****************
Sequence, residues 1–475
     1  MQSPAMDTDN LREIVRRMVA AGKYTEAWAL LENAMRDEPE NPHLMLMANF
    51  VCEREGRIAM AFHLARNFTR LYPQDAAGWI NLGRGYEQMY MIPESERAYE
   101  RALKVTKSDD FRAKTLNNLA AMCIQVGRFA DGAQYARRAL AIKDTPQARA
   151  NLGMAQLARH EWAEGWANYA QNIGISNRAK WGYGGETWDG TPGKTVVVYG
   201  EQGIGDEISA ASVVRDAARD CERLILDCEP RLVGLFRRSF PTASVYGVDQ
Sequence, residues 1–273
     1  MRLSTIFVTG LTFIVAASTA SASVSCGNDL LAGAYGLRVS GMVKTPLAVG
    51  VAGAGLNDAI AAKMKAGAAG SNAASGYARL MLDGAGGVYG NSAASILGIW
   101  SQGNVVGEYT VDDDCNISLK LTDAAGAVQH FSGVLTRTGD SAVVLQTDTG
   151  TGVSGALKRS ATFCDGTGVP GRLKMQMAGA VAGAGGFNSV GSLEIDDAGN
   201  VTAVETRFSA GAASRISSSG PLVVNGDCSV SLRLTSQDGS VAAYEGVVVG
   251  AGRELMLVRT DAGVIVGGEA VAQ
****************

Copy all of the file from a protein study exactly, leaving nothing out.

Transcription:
Sequence, residues 1–475
     1  MQSPAMDTDN LREIVRRMVA AGKYTEAWAL LENAMRDEPE NPHLMLMANF
    51  VCEREGRIAM AFHLARNFTR LYPQDAAGWI NLGRGYEQMY MIPESERAYE
   101  RALKVTKSDD FRAKTLNNLA AMCIQVGRFA DGAQYARRAL AIKDTPQARA
   151  NLGMAQLARH EWAEGWANYA QNIGISNRAK WGYGGETWDG TPGKTVVVYG
   201  EQGIGDEISA ASVVRDAARD CERLILDCEP RLVGLFRRSF PTASVYGVDQ
Sequence, residues 1–273
     1  MRLSTIFVTG LTFIVAASTA SASVSCGNDL LAGAYGLRVS GMVKTPLAVG
    51  VAGAGLNDAI AAKMKAGAAG SNAASGYARL MLDGAGGVYG NSAASILGIW
   101  SQGNVVGEYT VDDDCNISLK LTDAAGAVQH FSGVLTRTGD SAVVLQTDTG
   151  TGVSGALKRS ATFCDGTGVP GRLKMQMAGA VAGAGGFNSV GSLEIDDAGN
   201  VTAVETRFSA GAASRISSSG PLVVNGDCSV SLRLTSQDGS VAAYEGVVVG
   251  AGRELMLVRT DAGVIVGGEA VAQ